Blue Lock shows you the perspective of the main character, Isagi Yoichi, as its main focus. But it also switches perspectives to his friends and his opponents to describe their background information and motivation for competing in the Blue Lock program. These only last about a chapter or two, as compared to the main story, which focuses on Isagi. I am not a fan of this, as it is sometimes used for unearned emotional moments that don’t come from a character with a built-up backstory that spans over the course of the entire story, but merely from relatively weak foreshadowing that comes only a few chapters prior to the emotional payoff. The impoverished boy I mentioned showed up early in the story, but his presence was mainly for comic relief. The first sign he was poor came just before he was eliminated. The anime actually fixes this problem by introducing his sentimental good luck charm—a cheap caramel box, as it was “the best his younger siblings could afford” —much earlier on than the manga does.
As an aside, I found issues with the story’s realism involving the over-emphasis on being the world’s best striker, whereas in real life, other positions are also very important. For a more realistic manga, please refer to Ao Ashi, which coincidentally I have also reviewed, in Issue 22 of The Temz Review. Ao Ashi aims for emotional payoff, while Blue Lock aims for amazing action and adrenaline. They both play “a different type of game,” so to speak.
The characters in this manga are also quite entertaining, somewhat complex, and easily recognizable character archetypes. Isagi’s best friend Bachira is a whimsical person who does things first and thinks later. He is one of the first people Isagi meets in Blue Lock. His conflict involves trying to overcome his trauma of having a friendless childhood due to his exceptional football dribbling talent isolating him from everybody else. Nagi is a lazy but amazing once-in-a-generation talent who only explored football to make money. At 6 months, he has the least football experience among the main cast and is capable of singlehandedly steamrolling a team with his world-class ball-trapping ability. He also only cares about the money, as opposed to being the best striker in the world, until Isagi defeats him in a game. Rin is an exceptionally good ball striker who has the ideal mental and physical specs Isagi wishes he had. His appearance is meant to purposefully reflect the main character’s image. He is also an edgy to a fault because of his trauma over his brother breaking their childhood promise to become the best striker in the world. His brother is Itoshi Sae, Japan’s best football player, who made a new dream to become the world’s best midfielder after realizing the gap between his skills and elite European strikers. He goes out of his way to join the U-20 team in order to assess his brother’s and Blue Lock’s abilities. His skills are excellent passing, excellent vision, and dribbling learned from Real Madrid academy. Interestingly, despite his realization he’ll never be the best in the world, he still looks down on every other striker in Japan for being even more inferior than he is. His complexity comes from the fact that he acts aloof to Rin, on purpose, to force him to become a better player in Rin’s attempts to “catch up” to Sae’s level of football.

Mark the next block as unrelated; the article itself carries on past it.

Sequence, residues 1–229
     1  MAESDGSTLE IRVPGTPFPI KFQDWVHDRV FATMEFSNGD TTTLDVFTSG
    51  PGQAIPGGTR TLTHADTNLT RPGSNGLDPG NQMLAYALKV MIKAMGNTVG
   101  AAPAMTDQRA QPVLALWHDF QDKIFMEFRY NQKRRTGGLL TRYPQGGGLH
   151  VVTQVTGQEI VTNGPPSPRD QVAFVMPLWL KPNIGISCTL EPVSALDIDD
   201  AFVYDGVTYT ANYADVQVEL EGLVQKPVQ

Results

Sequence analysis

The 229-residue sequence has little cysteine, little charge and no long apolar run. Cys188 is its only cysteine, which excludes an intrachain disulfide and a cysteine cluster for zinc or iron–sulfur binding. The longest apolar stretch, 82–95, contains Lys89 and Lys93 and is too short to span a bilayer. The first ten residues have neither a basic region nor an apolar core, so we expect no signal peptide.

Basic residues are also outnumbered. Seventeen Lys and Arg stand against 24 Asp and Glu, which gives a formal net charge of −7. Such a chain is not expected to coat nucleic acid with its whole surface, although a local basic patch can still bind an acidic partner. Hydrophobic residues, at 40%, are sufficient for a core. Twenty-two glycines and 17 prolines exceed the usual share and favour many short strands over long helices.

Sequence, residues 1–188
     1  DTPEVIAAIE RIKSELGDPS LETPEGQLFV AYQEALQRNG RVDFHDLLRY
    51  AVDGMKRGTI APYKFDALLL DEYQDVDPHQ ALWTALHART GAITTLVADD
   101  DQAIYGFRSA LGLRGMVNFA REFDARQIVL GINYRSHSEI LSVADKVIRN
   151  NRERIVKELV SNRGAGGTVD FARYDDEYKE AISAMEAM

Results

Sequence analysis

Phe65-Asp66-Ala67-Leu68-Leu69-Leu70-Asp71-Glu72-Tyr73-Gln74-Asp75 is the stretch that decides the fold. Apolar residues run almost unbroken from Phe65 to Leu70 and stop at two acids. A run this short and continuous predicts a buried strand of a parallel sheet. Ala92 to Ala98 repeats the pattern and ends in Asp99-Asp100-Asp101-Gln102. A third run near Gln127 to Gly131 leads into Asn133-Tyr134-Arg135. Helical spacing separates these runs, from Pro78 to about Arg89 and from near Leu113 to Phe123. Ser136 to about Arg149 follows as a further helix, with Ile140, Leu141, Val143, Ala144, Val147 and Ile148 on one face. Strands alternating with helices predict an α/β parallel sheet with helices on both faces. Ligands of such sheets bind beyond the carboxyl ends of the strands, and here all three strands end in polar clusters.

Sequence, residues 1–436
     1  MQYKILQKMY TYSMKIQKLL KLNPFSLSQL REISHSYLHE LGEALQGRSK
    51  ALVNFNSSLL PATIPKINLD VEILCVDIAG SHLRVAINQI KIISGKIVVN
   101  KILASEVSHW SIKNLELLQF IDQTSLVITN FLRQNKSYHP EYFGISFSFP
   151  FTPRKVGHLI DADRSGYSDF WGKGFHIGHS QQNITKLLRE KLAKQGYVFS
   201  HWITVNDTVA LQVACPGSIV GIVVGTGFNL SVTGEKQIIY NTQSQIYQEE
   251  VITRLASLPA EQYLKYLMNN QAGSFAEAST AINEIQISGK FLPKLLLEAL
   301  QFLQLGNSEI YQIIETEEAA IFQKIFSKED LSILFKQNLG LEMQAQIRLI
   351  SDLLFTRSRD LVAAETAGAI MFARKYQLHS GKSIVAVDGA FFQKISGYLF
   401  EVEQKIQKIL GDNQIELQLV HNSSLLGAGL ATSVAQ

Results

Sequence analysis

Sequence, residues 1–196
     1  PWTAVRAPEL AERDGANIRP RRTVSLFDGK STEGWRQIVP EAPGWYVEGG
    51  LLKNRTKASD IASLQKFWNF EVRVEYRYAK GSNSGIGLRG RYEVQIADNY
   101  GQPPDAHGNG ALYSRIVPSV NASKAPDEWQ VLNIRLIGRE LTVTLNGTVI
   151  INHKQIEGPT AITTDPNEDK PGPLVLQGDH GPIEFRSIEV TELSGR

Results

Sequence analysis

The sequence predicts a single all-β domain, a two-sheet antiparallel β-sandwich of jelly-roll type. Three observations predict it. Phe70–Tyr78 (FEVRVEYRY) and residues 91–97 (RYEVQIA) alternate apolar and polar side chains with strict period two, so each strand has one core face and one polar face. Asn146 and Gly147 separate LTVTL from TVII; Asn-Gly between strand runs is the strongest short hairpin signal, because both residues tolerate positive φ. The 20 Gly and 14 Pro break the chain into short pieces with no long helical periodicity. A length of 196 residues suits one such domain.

The main conflict in the story involves Blue Lock attempting to prove itself a viable program financially and results-wise, to avoid getting shut down. This culminates in an exciting Blue Lock vs Japan U-20 game, where Blue Lock’s top players face off against existing Japanese talent in the form of the current U-20 national football team. It is a fight of Blue Lock’s egoist ideology against the team-oriented passing style of Japanese football, which Blue Lock aims to destroy. Despite the main character’s only main skills being his vision/ spatial awareness and his strong volleys, there is never really any doubt that the endgame sets up Isagi to become the world’s best striker. No matter how talented his friends or enemies are, there is never any hint of danger he will be permanently defeated by them.
Blue Lock focuses on action, not emotional payoff, as its main appeal. It is predominantly used to make readers feel excited about football by exaggerating the players’ skills to the point that they supersede real-life pros. The action shots are drawn with flawlessly beautiful imagery, and the story is as well made as one can expect from a manga of this nature. While I do wish the manga had more emotional buildup to its characters, and the writer certainly has the talent to do so, overall Blue Lock is still a riveting sports dramedy manga worth spending time on.
Anson Leung is a graduate of the University of Alberta’s Bachelor of Commerce program. He is an Alberta-based writer who loves all forms of writing, including poetry and article writing. In his spare time, he loves playing tennis and board games.